It hardly seems like any time has passed since The Hunger Games movie was out in theaters this spring, and now, when it's available at the library on DVD and Blu-Ray . Back in the old days, you had to wait a whole year or more before your favorite movie was out on tape or disk. (Imagine the horror.)
Earlier this year, the Rensselaer Library created a display in our teens room dedicated to the movie, and the series. We had the books, and a READ poster, we just needed a giant Mockingjay pin to make the whole thing complete.
Unfortunately, giant cardboard movie props aren't always easy to come by. Fortunately, we have staff members who are crafty.
If you follow these steps, you can make your own wall pin to hang in your room, or give to a friend -- obviously a really good friend.
First, we started by looking for an image of the pin on the Internet. We were looking for something that was mostly line art, with a few simple details. We're not going to link to one for copyright reasons, but there are a thousand out there if you just do an image search.
Then we used a projector to shine the image up on a wall where we had taped a piece of cardboard cut from the side of a box. With the projector, we could make the image larger. You might be able to find this equipment at your school if you don't know someone with a digital projector.
Another option is to blow the picture up using a copy machine, then rub a pencil on the back of the outlines and trace over it onto the cardboard, or cut it out and trace around it onto the cardboard. If you're really good (we're not!) you could free-hand draw it.
After we had it traced, we cut it out with a craft knife. This took some going over the lines a few times. Cardboard is pretty easy to cut in a straight line, but not so easy when you're making curves. Get some help with this one from a parent or teacher.
We could have left the pin flat and just started painting, but we wanted to make sure it would be solid on all sides, not with the open sides of cardboard, and we wanted to give it some texture, so we decided to wrap the whole thing in paper mache.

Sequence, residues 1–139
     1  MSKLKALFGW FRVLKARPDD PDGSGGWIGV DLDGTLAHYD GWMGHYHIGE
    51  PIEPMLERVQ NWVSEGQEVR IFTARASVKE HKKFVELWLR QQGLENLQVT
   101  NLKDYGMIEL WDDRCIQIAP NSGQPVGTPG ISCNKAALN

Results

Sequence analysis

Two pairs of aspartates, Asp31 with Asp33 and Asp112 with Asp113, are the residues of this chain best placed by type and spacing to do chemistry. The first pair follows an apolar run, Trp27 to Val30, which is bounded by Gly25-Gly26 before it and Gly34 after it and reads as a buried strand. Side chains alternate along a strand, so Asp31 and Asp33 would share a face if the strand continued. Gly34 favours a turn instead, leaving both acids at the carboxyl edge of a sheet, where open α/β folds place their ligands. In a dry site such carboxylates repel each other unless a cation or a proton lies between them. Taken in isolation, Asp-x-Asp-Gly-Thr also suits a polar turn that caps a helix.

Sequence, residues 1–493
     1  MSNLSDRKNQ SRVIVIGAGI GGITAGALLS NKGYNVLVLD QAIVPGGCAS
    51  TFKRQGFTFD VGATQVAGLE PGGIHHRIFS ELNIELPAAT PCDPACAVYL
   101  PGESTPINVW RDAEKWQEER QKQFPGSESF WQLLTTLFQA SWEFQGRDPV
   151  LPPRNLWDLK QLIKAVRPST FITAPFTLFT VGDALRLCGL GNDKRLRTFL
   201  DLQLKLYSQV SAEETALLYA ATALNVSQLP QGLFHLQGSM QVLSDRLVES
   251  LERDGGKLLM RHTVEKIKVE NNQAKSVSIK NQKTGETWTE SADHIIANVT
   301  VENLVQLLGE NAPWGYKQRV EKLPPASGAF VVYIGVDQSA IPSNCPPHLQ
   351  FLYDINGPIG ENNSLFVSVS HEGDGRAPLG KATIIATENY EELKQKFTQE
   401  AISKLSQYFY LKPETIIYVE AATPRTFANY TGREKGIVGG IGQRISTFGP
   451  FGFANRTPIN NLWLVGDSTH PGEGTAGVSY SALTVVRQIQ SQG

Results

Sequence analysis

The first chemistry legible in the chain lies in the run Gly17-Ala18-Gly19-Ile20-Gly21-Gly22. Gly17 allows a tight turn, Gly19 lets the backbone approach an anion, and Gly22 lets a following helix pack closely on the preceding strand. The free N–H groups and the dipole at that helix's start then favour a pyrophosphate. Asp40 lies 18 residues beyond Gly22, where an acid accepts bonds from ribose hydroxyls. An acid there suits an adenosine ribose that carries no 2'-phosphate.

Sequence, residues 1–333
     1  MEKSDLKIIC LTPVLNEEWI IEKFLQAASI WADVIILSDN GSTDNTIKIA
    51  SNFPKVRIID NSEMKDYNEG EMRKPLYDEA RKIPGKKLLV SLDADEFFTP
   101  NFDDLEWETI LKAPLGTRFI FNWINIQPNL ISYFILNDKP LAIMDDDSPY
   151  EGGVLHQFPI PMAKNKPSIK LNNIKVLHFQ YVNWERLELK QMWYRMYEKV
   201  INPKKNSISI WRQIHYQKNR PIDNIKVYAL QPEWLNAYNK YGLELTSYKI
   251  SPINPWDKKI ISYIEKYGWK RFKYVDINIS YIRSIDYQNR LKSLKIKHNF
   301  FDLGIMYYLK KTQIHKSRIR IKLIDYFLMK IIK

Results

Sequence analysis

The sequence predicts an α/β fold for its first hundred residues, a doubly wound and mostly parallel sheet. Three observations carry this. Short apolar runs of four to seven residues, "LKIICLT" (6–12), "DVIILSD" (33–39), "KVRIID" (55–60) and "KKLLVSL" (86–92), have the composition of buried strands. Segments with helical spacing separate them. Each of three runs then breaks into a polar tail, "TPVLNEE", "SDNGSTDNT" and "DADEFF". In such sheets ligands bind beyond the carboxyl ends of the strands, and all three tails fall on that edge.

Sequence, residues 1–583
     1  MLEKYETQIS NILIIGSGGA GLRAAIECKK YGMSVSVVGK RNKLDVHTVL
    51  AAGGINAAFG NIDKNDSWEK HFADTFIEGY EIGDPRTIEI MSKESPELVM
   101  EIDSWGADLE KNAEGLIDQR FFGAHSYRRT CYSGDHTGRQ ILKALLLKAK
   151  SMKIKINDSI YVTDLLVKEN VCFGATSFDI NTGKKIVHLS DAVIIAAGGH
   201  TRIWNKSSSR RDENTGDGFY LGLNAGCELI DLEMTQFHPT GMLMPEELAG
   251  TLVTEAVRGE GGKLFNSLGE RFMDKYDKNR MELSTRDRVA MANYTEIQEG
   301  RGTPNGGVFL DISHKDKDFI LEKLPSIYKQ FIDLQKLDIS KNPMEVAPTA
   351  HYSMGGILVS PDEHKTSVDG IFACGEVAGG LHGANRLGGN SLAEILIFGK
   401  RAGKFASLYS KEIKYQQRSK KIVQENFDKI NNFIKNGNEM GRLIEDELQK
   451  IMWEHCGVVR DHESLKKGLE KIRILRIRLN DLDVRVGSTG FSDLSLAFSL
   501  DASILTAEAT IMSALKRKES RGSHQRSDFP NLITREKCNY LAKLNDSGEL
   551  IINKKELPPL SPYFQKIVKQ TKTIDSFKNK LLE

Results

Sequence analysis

Paper mache (except for a pinata, which is made to be broken) is best done with the pages from magazines and catalogs. These pages have clay in them and will look kind of shiny compared to school paper or book paper.
It's easiest if you take one or two pages and rip them from top to bottom (don't cut) into strips about as wide as your index finger is across (about 1/2 inch).
Important Tip: Never use a magazine or catalog that someone else is reading! Also, never use a magazine from the library!
The easiest paper mache glue is plain white school glue mixed 50/50 with some water. You want it about like tomato soup: it will run off a spoon, but it takes a second.
After we used the paper mache to run a coat around the whole pin, we used little pieces to build up the head and wings so they stood out.
The wet paper mache made the arrow tip heavy, and the little stem holding it started to sag, so we added toothpicks, then wrapped the whole thing with a little bit of craft wire, coated that with a last bit of paper mache, and when it dried it was very stable. It even stands out a little because it twisted, so it looks better than if it had been flat. Remember, if it looks good, no one needs to know it was an accident!
After it dried, we painted it with yellow acrylic paint. Using the original image from the internet for a guide, we mixed in a little brown to make the shadows darker and mixed in a little white to make the highlights on the wings. The last thing we did was spray the whole thing with a coat of acrylic gloss spray varnish. This stuff will make the craft paint and paper water resistant, give it a crazy nice gloss, and protect your hard work. Since you have to be 18 to buy this stuff, and it can be expensive, check with your school or a helpful adult. One can of this will cover years' worth of projects.
Our pin is about two feet across, and still hanging in our teen room. Stop by sometime and check it out. If you make your own pin, we'd love to see it! For bigger sizes of all the images here, check them out at our library flickr page .